Elon Musk: Why Tesla Fired 700 Employees
Tesla CEO Elon Musk called recent media coverage over the company’s decision to fire about 700 employees following annual performance reviews “ridiculous” and that the automaker must have higher standards than its competitors if it hopes to survive.
“At every company in the world, there’s annual performance reviews,” Musk said, adding that Tesla has an extremely high standard, and one that’s far higher than other car companies. “You can’t be a little guy and have equal levels of skill as a big guy.”
Tesla employs 33,000 people. A 700-person cut—the number Musk cited Wednesday during Tesla’s third-quarter earnings call—would mean Tesla dismissed about 2% of its workers.
The San Jose Mercury News reported in October that an estimated 400 to 700 Tesla employees were dismissed, many of whom said the dismissals came with little or no warning.
Tesla told Fortune that these cuts were made following the company’s annual performance review process. The United Auto Workers filed a complaint against Tesla on Oct. 25, claiming the company fired workers who were trying to unionize.
“You have two boxes of equal ability, and one’s much smaller, the big guy’s going to crush the little guy, obviously,” Musk elaborated. “So the little guy better have a heck of a lot more skill or he’s going to get clobbered. So that is why our standards are high. They’re not high because we believe in being mean to people. They’re high because if they’re not high, we will die.”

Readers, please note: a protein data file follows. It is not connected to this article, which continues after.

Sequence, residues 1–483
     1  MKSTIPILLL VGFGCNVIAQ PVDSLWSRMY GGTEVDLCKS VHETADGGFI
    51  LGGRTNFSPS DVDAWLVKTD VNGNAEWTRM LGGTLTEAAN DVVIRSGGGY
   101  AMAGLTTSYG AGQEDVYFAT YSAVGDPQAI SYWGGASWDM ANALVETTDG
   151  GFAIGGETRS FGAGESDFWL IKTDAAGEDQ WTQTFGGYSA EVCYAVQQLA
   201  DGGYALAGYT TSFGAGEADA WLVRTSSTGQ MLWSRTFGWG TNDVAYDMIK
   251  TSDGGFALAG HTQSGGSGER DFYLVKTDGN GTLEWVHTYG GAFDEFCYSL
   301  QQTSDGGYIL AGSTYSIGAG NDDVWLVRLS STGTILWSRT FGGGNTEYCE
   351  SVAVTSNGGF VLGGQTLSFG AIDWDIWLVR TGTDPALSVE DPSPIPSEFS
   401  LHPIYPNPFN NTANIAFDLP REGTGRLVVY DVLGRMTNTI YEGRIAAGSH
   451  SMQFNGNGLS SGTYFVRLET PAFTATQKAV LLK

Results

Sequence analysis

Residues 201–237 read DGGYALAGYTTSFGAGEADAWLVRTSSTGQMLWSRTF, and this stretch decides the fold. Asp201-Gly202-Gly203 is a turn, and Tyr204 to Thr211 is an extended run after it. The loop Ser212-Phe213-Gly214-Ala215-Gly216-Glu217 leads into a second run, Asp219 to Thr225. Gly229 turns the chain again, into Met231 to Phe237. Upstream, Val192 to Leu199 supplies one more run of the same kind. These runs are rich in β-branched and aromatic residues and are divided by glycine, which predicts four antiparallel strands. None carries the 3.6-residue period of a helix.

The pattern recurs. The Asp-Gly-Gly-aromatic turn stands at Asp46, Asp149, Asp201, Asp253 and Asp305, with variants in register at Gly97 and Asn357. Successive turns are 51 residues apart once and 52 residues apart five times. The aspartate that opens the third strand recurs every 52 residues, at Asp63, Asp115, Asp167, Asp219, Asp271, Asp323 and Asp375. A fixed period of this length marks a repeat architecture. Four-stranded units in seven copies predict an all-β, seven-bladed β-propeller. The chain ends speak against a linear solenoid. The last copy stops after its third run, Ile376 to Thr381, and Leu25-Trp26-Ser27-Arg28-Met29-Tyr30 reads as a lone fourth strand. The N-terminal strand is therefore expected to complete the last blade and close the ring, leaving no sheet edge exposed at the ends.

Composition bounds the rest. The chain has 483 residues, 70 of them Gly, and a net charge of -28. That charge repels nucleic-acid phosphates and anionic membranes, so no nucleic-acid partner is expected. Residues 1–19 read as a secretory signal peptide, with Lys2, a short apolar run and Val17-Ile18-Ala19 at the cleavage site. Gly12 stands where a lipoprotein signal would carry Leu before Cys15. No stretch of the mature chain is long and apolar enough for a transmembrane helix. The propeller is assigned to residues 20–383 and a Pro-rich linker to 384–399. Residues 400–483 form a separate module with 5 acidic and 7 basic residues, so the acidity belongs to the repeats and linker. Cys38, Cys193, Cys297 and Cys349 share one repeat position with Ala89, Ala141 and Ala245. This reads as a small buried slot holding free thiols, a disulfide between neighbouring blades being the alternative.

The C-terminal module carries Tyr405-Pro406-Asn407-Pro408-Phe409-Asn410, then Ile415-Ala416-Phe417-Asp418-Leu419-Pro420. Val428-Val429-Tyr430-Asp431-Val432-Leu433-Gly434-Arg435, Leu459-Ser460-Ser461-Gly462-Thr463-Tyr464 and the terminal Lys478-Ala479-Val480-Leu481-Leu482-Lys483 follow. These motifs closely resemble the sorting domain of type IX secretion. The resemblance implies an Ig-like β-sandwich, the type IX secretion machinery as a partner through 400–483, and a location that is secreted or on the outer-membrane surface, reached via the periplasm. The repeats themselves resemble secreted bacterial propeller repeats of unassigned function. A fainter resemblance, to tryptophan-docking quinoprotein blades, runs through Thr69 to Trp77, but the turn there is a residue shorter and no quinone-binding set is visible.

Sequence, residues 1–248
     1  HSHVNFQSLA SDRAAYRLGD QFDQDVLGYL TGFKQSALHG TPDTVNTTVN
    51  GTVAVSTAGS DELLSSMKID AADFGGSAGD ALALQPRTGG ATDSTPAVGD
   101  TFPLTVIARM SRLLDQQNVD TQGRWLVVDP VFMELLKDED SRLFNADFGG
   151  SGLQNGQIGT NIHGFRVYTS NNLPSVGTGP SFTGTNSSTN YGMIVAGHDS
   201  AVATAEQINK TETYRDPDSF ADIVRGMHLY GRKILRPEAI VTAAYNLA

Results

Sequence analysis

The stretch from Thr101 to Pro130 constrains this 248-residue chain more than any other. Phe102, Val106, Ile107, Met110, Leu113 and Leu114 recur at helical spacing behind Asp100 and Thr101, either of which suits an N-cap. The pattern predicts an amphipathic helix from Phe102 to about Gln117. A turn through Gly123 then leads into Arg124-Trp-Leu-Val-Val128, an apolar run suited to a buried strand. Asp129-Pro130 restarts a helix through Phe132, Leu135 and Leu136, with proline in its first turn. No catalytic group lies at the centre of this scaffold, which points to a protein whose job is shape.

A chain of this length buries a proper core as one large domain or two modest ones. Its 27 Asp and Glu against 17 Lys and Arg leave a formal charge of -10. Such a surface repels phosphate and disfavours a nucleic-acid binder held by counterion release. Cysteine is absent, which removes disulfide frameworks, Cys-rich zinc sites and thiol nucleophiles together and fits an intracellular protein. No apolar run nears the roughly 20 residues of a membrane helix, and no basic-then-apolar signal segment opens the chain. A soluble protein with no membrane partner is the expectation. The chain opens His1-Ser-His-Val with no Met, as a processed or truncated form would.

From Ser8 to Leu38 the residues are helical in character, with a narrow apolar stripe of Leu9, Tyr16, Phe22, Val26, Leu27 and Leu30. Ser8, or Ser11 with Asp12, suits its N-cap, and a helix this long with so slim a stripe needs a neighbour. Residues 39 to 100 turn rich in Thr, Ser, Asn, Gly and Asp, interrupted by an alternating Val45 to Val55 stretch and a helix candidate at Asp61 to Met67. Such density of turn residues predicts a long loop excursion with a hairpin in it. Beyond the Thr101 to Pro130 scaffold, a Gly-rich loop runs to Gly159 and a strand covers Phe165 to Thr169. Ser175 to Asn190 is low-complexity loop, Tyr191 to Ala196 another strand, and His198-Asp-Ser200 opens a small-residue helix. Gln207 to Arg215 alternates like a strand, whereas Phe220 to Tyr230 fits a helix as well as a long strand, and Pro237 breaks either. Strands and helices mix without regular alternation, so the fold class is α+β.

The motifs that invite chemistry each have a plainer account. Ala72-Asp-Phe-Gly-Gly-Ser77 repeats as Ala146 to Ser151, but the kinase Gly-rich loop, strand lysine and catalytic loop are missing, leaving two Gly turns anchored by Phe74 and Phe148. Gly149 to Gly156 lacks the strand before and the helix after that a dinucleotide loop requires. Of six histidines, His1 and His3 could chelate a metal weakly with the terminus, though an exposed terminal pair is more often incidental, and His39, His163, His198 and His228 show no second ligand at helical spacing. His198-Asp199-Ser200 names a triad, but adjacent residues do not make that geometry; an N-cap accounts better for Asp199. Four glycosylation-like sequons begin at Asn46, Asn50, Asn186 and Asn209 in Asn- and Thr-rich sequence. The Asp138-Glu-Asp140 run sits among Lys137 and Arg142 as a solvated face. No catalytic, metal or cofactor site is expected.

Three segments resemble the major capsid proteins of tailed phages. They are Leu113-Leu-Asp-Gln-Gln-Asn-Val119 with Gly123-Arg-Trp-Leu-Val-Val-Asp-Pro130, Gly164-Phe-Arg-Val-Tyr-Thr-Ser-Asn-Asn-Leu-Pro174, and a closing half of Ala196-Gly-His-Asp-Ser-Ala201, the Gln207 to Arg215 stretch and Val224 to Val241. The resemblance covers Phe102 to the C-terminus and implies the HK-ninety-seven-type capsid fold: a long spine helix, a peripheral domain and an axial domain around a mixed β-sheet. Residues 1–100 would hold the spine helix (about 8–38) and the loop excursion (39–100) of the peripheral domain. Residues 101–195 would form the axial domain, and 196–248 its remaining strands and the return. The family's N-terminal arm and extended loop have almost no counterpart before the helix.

Musk emphasized that in spite of these high standards only 2% of people “didn’t make the grade,” noting that this is a “very low percentage.” Musk also said reports didn’t include that “several thousand employees were promoted and almost half those promotions were in manufacturing.”
In a previous statement sent to Fortune, Tesla said 17% of its employees were promoted, and almost half of those promotions were within its factory in Fremont.
A quick look at Tesla’s career page shows a different, yet related problem: lots of job openings. It’s an issue the Musk later addressed in the earnings call, noting that the company is “sucking the labor pool dry” to fill positions at its factory in Fremont, Calif., and battery factory near Reno, Nevada.
Tesla reported Wednesday that it lost $619 million in the third quarter, its biggest-ever quarterly loss. Those losses were bigger than usual as Tesla tried to speed up production of its more affordable Model 3 sedan.
The company said it had $3.53 billion in cash and cash-equivalents as of Sept. 30, compared to $3.04 billion at the end of the second quarter.
Last month, Tesla reported that it produced 260 of its new Model 3 electric cars in the third quarter, of which it has delivered 220, dramatically missing Musk’s prediction that it would produce more than 1,600 cars by September.
Overall, the company delivered 26,150 vehicles in the third quarter. Of those, 14,065 were Model S sedans, 11,865 were Model X SUVs, and 220 were Model 3 cars.